Batlow, New South Wales

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Batlow is a town in the South West Slopes region of New South Wales, Australia, on the edge of the Great Dividing Range, 775 m above sea level.[2]

Batlow
New South Wales
EnteringBatlow.jpg
Entering Batlow
Batlow is located in New South Wales
Batlow
Batlow
Coordinates35°31′0″S 148°09′0″E / 35.51667°S 148.15000°E / -35.51667; 148.15000Coordinates: 35°31′0″S 148°09′0″E / 35.51667°S 148.15000°E / -35.51667; 148.15000
Population1,313 (2016 census)[1]
Established1850s
Postcode(s)2730
Elevation775 m (2,543 ft)
Location
LGA(s)Snowy Valleys Council
CountyWynyard
State electorate(s)Wagga Wagga
Federal Division(s)Eden-Monaro
Mean max temp Mean min temp Annual rainfall
17.0 °C
63 °F
6.0 °C
43 °F
1,220.4 mm
48 in

Batlow is well known for its apples. About 50 growers in the district supply 1.6 million cases of apples, or 10% of the Australian apple crop, to the Australian market. The district also produces cherries and stone fruit. The town's main landmark, the "Big Apple", which stands on private land 5 km north of the town,[3] stands testament to the orchards which have been vital to the town's economy for over 120 years.

HistoryEdit

Before European settlement the Wiradjuri people lived in the Batlow area. Hamilton Hume and William Hovell were the first Europeans to explore the area in 1824, en route to Port Phillip.

When gold was discovered in the area in 1854, a small settlement called Reedy Creek was established as a supply point and service centre for the mining area, and a Mr Batlow surveyed a townsite nearby.[4] The gold deposits were quickly exhausted, but farmers found the area better suited to a variety of crops, so the mining supply point was moved and the current township established around 1855. Reedy Flat Post Office opened on 1 August 1873 and was renamed Batlow in 1889.[5] Fruit trees and timber quickly became the main sources of income for the town, and in 1910 the townsite was gazetted.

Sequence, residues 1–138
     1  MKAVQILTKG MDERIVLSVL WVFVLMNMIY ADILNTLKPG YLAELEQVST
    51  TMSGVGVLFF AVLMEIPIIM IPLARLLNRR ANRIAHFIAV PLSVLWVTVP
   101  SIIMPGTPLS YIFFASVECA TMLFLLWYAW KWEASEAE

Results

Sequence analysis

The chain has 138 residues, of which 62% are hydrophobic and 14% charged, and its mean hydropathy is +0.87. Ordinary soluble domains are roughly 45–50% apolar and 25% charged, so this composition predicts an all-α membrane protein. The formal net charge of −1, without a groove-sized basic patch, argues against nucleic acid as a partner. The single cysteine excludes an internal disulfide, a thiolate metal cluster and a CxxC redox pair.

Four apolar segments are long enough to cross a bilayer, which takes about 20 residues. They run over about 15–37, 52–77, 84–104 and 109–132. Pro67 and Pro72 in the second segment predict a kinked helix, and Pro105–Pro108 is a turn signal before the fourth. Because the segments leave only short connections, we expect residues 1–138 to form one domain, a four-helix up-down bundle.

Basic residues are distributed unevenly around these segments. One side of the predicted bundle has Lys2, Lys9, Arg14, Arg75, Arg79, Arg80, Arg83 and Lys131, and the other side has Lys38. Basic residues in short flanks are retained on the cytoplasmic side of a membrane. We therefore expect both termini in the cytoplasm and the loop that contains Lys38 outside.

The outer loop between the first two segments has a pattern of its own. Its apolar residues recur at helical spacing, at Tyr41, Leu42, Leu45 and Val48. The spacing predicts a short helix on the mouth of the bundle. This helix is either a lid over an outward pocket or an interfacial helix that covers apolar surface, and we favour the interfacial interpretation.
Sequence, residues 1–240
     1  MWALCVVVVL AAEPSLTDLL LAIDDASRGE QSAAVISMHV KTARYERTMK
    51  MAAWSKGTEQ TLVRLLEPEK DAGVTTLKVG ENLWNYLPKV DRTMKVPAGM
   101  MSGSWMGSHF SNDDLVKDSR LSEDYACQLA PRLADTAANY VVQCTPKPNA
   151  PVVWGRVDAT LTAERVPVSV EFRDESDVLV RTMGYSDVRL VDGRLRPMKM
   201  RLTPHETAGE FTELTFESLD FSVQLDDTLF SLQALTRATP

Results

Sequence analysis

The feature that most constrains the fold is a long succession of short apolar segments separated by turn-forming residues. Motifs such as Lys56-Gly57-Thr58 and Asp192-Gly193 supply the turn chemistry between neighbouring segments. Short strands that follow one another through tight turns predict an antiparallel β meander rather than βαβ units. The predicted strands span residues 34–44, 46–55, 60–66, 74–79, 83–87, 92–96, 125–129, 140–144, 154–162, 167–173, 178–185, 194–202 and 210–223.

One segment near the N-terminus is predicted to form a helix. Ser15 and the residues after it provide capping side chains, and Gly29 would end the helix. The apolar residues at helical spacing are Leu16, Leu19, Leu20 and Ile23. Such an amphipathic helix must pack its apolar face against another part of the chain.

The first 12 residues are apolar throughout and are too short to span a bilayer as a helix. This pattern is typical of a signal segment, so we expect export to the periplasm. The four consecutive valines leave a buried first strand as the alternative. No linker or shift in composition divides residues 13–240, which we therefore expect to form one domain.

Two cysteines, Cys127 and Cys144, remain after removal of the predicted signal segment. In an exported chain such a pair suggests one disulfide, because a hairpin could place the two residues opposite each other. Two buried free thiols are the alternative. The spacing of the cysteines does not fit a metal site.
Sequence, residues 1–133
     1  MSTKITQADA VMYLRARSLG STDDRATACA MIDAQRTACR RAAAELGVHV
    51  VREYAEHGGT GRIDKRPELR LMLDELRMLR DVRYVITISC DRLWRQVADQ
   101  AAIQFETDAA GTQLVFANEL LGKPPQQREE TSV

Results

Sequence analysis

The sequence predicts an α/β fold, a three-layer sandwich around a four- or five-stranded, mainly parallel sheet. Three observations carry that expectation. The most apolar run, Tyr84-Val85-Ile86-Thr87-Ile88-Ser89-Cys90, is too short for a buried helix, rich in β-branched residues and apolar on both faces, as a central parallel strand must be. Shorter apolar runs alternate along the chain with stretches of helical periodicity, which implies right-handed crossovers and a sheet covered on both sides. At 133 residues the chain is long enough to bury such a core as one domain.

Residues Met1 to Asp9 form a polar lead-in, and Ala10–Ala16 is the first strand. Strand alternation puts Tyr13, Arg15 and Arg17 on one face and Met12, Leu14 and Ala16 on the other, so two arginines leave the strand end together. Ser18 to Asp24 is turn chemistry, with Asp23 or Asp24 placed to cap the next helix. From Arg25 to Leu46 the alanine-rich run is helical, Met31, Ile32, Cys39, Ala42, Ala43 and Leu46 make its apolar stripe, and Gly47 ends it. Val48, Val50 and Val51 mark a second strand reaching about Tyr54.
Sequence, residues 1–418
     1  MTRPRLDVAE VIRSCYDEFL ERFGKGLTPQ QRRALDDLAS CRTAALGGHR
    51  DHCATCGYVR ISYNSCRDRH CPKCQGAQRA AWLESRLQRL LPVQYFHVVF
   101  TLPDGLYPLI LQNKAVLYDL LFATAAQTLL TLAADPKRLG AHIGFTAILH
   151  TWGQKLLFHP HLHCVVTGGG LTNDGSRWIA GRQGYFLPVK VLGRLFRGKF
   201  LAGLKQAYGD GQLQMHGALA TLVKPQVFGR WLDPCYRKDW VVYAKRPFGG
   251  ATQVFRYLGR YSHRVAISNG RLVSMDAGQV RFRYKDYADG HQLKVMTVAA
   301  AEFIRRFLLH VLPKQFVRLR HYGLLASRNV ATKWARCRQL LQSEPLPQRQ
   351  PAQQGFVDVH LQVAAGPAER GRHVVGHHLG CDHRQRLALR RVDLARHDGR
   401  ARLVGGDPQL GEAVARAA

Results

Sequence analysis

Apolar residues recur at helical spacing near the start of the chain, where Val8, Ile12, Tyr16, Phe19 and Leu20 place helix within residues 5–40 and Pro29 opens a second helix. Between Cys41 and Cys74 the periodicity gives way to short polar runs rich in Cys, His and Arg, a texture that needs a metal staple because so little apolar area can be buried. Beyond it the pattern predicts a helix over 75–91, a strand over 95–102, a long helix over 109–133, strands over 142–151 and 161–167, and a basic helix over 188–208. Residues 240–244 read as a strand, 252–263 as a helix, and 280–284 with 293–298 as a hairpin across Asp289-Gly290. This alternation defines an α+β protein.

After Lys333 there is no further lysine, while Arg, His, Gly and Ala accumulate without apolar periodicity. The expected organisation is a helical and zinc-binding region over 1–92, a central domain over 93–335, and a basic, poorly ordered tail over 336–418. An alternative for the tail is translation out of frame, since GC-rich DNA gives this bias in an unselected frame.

In 1922, the first cool stores in New South Wales were constructed in the town. At the same time a railway was built from nearby Tumut. These developments facilitated the town's trade with Sydney and beyond. The district supplied troops with dehydrated fruit and vegetables during World War II.[6] Many Land Army Girls were stationed in and around Batlow during the Second World War and a sizeable collection of memorabilia is held at the Historical Society Museum. There are two Soldier Settlements close to Batlow, Willigobung and Kunama.

On 4 January 2020 the town was damaged by fire during the 2019–20 Australian bushfire season. In the town itself at least 17 home were destroyed, as well as the old hospital and service station. Outlying properties were also affected with hundreds of apple trees "scorched".[7][8]

PopulationEdit

In the 2016 Census, there were 1,313 people in Batlow. 76.3% of people were born in Australia and 81.5% of people spoke only English at home. The most common responses for religion were No Religion 27.0%, Anglican 24.5% and Catholic 20.4%.[1]

Climate and GeographyEdit

Batlow is located 94 kilometres (58 mi) west of Canberra,[9] though, by highway is approximately 225 kilometres (140 mi) due to the Great Dividing Range between them. The nearest city is Wagga, whilst five towns; Kunama and Laurel Hill in the southwest, Tumut in the northeast, Adelong in the northwest, and Tumbarumba in the south, are within 40 kilometres (25 mi).